- Number of Chinese takeovers in Switzerland fell from 13 to 12 in 2019, but the transaction value rose from USD 492 million to USD 571 million
- Number of transactions falls from 196 to 182 across Europe, transaction value falls from 31.2 to USD 17.3 billion
- For the first time since the first half of 2016, the number of transactions rose again in the second half of last year: from 83 to 99
In Europe, there have recently been signs of a turning point – although the number of transactions for the full year 2019 fell from 196 to 182 compared to the previous year, more investments were counted in the second half of the year than in the first half: The number rose from 83 to 99 in the half-year comparison. The transaction value in particular was on the rise: From USD 2.4 billion in the first half of the year, invested capital jumped to USD 14.9 billion in the second half. In total, USD 17.3 billion were invested across Europe last year – following on from USD 31.2 billion in 2018.
These are the findings of a study by the EY audit and advisory group that examines M&A investments by Chinese companies in Switzerland and Europe. The study examined acquisitions and equity investments by companies with headquarters in China and Hong Kong or their subsidiaries; the target companies have their headquarters in Europe and are operational.
“In the second half of the year, the market picked up noticeably; the willingness to also enter into larger deals has increased significantly”, observes Yi Sun, Head of China Business Services for Germany, Austria and Switzerland at EY. "Chinese financial investors are now also increasingly pushing into Europe, those who previously only travelled in their home country and who were therefore largely unknown here. Some of them specialise in transactions in the triple-digit millions range and are increasingly competing in this segment with the established major financial investors from America and Europe.” Although the rate of contracts coming to completion is not yet high, Yi Sun notes that there is a “steep learning curve”.
Sun also says that more large target companies came on the market in the second half of the year. ”Chinese investors were actively involved in a number of large private equity exits and carve-outs of industrial groups. Further deals of this kind are in the pipeline.”
Most of the transactions were counted in Germany, with 39 transactions – ahead of the UK (31 deals) and France (18). Switzerland comes in at 5th place with 12 transactions. The volume in Switzerland rose from USD 492 million to USD 571 million. This puts Switzerland among the top ten in Europe, at 6th place.
“Industry and high-tech are currently in great demand again – with Chinese companies operating as strategic investors both in strong niche suppliers and in companies with weak growth in Europe. A number of small and medium-sized companies were given access to the enormous Chinese sales market last year through a Chinese investor”, says Yi Sun. “We also find that well-known Chinese high-tech companies are increasingly investing in high-tech start-ups in Europe, giving these start-up companies fresh capital as well as access to the major platforms that Chinese high-tech companies have built up”, Sun adds.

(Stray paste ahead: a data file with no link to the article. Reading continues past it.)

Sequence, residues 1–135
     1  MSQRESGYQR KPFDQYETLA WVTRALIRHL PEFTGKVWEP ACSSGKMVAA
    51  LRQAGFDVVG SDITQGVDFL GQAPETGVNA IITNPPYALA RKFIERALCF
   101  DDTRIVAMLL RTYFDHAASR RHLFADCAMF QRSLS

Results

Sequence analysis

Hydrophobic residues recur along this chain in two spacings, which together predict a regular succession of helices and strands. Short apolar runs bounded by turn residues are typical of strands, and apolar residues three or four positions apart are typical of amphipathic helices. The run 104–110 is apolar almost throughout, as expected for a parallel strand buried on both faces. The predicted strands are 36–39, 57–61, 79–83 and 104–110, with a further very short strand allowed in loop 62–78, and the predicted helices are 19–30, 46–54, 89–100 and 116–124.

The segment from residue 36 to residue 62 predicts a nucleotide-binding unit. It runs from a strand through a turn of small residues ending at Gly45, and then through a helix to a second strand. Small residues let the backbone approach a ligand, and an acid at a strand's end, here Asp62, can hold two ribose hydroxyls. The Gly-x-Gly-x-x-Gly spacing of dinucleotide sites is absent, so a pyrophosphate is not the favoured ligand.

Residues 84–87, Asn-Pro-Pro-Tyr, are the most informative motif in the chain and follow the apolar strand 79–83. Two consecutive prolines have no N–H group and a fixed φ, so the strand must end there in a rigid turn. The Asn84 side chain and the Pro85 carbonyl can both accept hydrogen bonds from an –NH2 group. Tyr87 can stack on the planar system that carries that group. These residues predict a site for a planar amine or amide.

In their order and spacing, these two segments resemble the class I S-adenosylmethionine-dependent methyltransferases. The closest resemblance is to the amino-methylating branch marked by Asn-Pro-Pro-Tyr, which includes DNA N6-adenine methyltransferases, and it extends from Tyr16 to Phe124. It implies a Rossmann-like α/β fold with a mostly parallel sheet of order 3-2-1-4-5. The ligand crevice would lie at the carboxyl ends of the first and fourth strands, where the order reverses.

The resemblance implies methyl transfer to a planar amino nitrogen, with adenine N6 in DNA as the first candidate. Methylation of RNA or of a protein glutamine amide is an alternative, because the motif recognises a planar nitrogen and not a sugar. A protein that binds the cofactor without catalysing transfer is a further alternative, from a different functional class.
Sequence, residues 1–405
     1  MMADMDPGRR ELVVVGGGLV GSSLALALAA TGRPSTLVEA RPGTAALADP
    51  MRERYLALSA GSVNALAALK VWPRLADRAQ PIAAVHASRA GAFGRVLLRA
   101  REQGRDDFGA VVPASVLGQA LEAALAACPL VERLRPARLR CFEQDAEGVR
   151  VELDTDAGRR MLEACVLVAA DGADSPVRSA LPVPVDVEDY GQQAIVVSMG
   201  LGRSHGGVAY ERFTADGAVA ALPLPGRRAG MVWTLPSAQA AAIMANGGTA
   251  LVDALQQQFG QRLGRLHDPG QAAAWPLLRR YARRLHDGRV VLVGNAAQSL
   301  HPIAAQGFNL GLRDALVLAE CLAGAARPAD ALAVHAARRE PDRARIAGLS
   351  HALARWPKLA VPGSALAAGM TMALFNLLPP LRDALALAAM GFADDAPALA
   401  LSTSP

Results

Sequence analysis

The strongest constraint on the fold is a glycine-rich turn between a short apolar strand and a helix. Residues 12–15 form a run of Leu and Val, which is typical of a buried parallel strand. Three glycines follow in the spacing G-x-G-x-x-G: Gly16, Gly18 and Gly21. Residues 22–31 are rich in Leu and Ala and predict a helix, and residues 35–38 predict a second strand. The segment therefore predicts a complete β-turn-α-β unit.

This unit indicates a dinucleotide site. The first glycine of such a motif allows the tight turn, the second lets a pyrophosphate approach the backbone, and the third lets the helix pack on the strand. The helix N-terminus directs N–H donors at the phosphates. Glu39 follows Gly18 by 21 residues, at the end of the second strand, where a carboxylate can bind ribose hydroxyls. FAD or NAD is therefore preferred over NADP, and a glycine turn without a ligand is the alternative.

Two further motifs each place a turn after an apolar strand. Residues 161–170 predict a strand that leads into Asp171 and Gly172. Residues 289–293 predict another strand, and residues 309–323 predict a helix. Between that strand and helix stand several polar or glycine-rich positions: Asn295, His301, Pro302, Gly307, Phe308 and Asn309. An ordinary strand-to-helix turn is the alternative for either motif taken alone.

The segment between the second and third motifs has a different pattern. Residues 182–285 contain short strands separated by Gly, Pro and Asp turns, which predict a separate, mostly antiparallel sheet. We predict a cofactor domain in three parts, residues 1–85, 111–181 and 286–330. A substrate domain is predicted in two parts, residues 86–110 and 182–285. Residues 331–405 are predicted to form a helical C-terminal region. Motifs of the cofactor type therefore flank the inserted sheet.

Chinese invest in British beer and German cars
Europe’s largest investment in the past year was the acquisition of the British Greene King brewery group (including pubs and hotels) by the CKA Group based in Hong Kong. The second-largest transaction was the acquisition of a five percent stake in the Daimler Group by the Chinese car maker BAIC – at the time when the transaction was announced, this corresponded to a stock market value of USD 2.9 billion. In third place came the purchase by the Jiangsu Shagang Group of a stake in the British data centre operator Global Switch for USD 2.2 billion.
Mixed outlook for 2020
Fabian Denneborg expects continued high activity in the transaction market, with the number of transactions increasing against the background of portfolio streamlining by large corporations. In today’s transaction market, the proportion of target companies that are showing profitable growth has become significantly smaller. Consequently the interest in such hidden champions is all the greater”, continues Fabian Denneborg. “However, the net investment of Chinese capital in Switzerland could be reduced by a possible sale of Chinese-held companies in Switzerland”
At the same time it should be noted that “in the trade conflict between the USA and China a solution is emerging that both sides can live with and that would end the long period of uncertainty. This will have the effect that more Chinese companies will once again start thinking about their strategic development abroad”, Sun said.
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